A lady we know lived a block from the bay in Waveland. Her house was washed away by the storm surge along with all of its contents. Nothing remains! Can you imagine? In a wooded area near the Mississippi Gulf Coast we saw trees with cloth and other things stuck in the branches. As the storm surge rushed through the area these things were caught in the trees.

Boxes and things scattered after Hurricane Katrina.

   

Boxed items destroyed by Hurricane Katrina.

The green air compressor was turned upside
down.

   

Boxes and their contents were ruined by the
water.

New Orleans levees

The levees that failed New Orleans were built in the 1960s. At the time hurricanes had not been categorized based on wind speed. But the design of the levee system is consistent with Category 3 hurricanes. The levee system was not designed for a storm as strong as Hurricane Katrina. There is a lot of discussion about that now, and the Army Corps of Engineers is being severely criticized for the failure of the levees. They would be very happy to build a more substantial levee system, but money to do so was never appropriated by Congress, and Louisiana does not have the money. I spent most of my professional life doing research and teaching advanced courses on ocean waves generated by storms like hurricanes. It is interesting that my PhD thesis at Columbia University was based on an analysis of the paths of waves generated by Hurricane Betsy, which clobbered New Orleans in September 1965.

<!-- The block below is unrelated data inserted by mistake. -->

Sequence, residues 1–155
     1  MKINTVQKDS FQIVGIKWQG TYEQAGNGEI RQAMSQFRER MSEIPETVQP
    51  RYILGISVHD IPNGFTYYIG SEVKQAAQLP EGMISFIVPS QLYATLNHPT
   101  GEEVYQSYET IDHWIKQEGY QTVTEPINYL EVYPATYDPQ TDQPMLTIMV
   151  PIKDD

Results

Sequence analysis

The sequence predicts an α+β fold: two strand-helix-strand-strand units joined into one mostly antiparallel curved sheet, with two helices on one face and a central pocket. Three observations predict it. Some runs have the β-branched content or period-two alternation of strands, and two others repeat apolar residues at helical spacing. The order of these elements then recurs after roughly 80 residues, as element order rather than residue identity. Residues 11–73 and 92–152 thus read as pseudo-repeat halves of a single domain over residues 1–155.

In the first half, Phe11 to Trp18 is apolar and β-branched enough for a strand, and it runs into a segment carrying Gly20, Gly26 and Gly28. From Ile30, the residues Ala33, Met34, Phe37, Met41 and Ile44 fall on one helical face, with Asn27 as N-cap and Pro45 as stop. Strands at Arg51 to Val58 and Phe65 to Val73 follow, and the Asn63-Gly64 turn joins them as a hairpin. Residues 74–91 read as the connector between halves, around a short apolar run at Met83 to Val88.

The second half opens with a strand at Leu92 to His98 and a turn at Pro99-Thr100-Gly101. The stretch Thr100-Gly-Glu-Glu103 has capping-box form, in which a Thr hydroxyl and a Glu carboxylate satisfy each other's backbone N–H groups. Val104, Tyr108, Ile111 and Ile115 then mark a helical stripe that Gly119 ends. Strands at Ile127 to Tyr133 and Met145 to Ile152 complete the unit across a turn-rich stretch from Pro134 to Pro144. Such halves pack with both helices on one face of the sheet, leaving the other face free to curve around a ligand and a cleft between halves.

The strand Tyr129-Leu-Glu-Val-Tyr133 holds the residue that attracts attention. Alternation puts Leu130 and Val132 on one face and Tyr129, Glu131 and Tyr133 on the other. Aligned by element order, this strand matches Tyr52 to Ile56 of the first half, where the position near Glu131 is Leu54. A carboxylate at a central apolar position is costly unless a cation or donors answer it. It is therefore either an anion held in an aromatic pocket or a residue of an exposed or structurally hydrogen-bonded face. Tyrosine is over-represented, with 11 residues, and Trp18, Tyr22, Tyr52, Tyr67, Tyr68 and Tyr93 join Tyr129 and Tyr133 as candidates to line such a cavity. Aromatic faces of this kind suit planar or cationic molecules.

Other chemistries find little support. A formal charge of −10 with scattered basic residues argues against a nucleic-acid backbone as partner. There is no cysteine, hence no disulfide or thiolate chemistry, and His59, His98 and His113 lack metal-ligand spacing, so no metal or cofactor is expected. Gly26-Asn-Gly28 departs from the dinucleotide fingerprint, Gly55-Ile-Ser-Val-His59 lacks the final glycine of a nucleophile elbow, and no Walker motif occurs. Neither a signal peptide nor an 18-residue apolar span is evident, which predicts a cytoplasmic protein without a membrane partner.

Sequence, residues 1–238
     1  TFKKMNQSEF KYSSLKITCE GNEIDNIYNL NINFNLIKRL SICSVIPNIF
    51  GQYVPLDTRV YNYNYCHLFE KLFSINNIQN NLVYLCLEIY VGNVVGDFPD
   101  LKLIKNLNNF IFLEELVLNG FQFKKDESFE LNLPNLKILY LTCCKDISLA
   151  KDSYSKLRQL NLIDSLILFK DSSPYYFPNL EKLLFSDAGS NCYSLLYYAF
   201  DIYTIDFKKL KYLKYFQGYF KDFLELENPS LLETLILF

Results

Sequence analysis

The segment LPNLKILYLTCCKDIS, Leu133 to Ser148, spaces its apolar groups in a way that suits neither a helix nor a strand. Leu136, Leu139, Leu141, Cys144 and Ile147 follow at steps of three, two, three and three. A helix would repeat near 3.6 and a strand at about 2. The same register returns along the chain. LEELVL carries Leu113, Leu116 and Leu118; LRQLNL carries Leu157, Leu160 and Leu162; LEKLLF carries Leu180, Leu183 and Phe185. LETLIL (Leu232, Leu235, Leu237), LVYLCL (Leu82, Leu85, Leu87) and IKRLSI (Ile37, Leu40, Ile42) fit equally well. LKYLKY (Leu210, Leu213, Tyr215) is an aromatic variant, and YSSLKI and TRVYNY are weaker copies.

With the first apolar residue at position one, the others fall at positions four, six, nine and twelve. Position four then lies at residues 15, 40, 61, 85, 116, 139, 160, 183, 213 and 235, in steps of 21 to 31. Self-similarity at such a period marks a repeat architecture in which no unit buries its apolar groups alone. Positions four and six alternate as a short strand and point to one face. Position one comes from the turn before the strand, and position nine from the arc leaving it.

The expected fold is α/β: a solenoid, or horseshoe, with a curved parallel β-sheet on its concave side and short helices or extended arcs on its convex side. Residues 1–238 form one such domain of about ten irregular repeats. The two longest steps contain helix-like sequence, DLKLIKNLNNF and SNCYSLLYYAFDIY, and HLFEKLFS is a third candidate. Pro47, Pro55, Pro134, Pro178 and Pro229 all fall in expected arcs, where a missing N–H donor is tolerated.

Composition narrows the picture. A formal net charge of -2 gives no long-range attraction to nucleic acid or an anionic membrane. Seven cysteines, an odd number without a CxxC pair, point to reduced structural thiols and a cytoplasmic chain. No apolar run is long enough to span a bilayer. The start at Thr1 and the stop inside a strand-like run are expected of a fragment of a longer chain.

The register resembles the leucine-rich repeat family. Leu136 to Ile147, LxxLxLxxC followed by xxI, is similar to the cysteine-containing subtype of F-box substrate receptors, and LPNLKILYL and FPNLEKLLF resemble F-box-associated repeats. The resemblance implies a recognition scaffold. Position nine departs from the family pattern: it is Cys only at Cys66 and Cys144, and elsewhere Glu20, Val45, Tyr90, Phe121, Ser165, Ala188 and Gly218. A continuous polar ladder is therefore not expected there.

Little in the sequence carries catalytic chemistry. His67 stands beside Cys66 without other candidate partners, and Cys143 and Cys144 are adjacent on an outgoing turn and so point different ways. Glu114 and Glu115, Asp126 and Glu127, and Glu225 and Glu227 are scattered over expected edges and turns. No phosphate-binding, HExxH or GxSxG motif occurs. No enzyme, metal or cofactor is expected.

Based on my past work I have an understanding of what it takes to do research and develop mathematical models. Unfortunately, there is a lot of confusion in public discussions today about rebuilding the New Orleans levees. Some people look to the Netherlands for answers because they have an extensive system of levees. However, that is like comparing apples and oranges. The Netherlands does not have hurricanes, and the soil those levees are built in differs from New Orleans. As to where to get answers, the coastal engineers in different countries share information through papers published in journals and by attending international meetings. Everybody in the field knows what their colleagues in other countries are doing.